Making Sense of a Mission Trip

Congratulations, you’ve done it! You navigated the path to mission service all the way to coming home. But now what?

Some return from a short-term trip on a spiritual high, ready to change the world. Others come home confused or upset. We may have proven ourselves; we may have disappointed ourselves. Some of us come home unsure what to make of the world we just left behind (or the one we came back to). After being away for a while we may also suffer symptoms of reverse culture shock: feeling disoriented, judgmental, or just lonely and out of place.

Welcome to the fog of reentry. You may not want to linger in this land of shadows, but it could be the very place where you hear God’s voice the best. So do not leave it too soon!

The longer and/or more intense or significant the trip has been, the more important it is to get some help in processing what happened, usually a group or individual debriefing. Those returning from a trip of several months or more may also profit from the wisdom offered in Craig Sorti’s book The Art of Coming Home or Peter Jordan’s Re-Entry.

Questions for Reflection

What can we do with the emotions and responses triggered by a mission trip? The first thing may be just to identify them. Consider your answers to questions like these:

  • How do you feel about how the trip went?
  • What was the best thing about it?
  • What was the hardest part for you?
  • How were prayers answered?
  • What did God teach you?
  • What are you going to do next?

For more questions to help you identify your emotions and concerns, see the article Coming Home: Debriefing Exercises to Help You Process Reentry Shock.

Locking in the Lessons

Whether the mission trip seemed a blast or a bust, chances are that God wants to use it in your life. He showed you things about yourself, those you served or served with, and his purposes in the world. Don’t let the things that shook you just sit on the shelf. Bring those memories and experiences to mind and consider what you can learn from them.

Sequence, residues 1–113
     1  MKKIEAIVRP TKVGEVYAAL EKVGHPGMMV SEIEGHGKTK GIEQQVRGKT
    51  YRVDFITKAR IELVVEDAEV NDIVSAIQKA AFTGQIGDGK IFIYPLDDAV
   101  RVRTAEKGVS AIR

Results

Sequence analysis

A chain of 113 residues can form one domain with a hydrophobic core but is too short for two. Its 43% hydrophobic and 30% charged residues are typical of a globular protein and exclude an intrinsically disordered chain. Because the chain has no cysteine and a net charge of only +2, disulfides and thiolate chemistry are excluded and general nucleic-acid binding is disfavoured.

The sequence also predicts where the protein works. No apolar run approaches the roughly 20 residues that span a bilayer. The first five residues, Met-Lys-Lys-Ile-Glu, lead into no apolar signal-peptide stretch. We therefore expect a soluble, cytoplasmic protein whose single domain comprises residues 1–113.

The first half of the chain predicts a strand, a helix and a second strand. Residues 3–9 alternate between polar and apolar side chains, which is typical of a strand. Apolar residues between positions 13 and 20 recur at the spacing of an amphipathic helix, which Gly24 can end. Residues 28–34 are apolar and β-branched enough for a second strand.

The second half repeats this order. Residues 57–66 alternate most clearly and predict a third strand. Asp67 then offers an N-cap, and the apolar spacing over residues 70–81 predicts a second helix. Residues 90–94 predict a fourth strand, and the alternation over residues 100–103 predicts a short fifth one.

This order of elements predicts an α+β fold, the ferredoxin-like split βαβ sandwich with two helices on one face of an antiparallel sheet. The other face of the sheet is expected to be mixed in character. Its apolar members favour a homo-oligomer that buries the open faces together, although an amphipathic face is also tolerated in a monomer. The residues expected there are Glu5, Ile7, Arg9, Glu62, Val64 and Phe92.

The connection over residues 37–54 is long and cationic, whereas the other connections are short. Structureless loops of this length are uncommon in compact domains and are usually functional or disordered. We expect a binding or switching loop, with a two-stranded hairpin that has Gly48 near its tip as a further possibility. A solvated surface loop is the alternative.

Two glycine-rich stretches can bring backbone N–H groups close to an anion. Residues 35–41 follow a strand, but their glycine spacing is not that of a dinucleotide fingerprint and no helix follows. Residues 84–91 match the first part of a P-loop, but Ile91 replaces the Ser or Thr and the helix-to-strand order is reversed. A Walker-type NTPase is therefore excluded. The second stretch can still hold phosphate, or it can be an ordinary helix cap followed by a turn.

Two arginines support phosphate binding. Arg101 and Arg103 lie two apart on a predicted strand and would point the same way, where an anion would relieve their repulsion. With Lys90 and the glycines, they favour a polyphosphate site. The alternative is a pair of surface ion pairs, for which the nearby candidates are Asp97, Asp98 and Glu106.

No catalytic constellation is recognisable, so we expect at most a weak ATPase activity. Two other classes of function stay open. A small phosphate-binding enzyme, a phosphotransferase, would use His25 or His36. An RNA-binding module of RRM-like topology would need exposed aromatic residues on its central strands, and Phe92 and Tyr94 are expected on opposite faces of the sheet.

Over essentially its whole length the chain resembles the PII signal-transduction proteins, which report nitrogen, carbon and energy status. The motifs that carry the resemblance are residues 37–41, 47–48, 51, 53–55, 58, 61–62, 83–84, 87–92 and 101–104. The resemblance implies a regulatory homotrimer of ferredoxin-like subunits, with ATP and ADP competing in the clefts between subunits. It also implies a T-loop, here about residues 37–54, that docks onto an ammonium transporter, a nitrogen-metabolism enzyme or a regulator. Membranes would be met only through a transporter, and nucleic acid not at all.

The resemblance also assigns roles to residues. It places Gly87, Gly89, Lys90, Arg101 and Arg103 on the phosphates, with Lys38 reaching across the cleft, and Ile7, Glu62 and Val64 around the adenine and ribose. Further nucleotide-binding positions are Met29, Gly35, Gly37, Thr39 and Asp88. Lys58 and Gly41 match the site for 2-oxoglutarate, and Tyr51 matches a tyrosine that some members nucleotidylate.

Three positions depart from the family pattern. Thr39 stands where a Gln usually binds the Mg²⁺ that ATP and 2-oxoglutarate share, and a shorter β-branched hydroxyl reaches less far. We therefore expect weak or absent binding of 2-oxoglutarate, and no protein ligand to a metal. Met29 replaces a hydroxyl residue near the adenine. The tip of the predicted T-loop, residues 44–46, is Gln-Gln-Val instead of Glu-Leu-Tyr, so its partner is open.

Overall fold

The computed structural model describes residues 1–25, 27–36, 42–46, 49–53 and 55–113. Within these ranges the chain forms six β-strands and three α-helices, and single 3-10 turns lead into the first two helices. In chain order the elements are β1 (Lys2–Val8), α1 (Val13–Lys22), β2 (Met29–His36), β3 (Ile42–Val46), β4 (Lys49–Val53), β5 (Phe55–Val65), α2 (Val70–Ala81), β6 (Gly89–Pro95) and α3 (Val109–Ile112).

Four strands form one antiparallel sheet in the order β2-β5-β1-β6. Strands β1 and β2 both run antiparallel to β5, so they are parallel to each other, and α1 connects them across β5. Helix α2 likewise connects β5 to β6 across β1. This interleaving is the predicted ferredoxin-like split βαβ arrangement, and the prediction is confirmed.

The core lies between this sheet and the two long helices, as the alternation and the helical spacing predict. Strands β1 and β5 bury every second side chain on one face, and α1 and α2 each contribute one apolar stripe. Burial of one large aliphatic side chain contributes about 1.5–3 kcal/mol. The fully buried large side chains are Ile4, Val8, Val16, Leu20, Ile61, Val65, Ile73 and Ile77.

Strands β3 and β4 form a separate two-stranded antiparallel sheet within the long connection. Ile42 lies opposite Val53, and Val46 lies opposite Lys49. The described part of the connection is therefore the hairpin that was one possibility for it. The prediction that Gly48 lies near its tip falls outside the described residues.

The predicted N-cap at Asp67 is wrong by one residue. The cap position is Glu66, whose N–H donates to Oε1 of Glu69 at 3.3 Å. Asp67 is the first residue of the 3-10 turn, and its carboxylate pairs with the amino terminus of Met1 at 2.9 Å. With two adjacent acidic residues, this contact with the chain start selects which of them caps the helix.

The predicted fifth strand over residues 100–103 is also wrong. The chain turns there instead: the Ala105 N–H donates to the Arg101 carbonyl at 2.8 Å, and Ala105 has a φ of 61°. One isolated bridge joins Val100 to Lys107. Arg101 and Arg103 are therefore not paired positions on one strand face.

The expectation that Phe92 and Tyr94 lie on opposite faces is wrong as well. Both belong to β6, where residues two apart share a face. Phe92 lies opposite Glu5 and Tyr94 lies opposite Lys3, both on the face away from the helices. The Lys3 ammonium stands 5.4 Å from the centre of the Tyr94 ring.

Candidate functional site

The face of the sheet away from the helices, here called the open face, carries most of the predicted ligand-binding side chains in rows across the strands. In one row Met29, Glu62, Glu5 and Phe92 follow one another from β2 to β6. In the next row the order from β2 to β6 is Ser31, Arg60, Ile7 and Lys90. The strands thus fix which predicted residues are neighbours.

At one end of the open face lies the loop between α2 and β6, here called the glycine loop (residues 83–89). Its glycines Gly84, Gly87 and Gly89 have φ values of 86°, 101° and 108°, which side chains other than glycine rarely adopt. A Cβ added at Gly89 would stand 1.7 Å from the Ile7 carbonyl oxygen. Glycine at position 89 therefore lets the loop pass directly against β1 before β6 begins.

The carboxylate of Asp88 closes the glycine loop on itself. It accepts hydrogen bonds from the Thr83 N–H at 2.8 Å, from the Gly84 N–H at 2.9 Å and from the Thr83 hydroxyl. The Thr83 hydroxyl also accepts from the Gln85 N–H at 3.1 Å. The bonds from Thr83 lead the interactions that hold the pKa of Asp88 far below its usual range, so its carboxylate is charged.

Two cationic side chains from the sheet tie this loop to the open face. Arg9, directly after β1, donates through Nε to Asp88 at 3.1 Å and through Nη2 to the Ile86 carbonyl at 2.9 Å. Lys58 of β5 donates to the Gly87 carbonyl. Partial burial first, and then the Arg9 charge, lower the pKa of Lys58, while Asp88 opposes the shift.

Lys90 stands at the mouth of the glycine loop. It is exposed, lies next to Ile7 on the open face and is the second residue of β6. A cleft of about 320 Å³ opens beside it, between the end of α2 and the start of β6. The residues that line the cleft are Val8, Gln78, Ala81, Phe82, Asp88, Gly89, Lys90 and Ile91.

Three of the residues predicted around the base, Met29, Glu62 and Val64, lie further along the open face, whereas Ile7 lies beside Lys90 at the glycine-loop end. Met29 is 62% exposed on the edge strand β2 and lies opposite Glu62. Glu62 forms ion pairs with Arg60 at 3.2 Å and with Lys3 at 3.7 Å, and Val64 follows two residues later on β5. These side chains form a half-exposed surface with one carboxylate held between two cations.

This handy worksheet may help you organize your thoughts and prepare to share them. And telling others may be an important part of the experience. After all, if your mission trip was life changing, you’ll want to give thanks to God and to those who prayed for you while you were gone.

Going the Next Mile

For those whose purpose in going was to explore long-term direction—or who came back thinking that way—simply processing the experience on the field and how it applies to life back home is not enough. The best resource for charting your course from short-term to long-term may be a mission coach or mentor. Someone who’s a little further down the road than you are can provide the encouragement and insight you need to take your next steps and navigate the obstacles.

Finally, check out Top 10 issues for returning short-term missionaries, then consider Go.Serve.Love and for more resources. 

Marti Wade has been a mission mobilizer since 1995 and has trained dozens of short-term teams for relationship-based research among the world’s least-reached peoples. This article first appeared in the eNewsletter.

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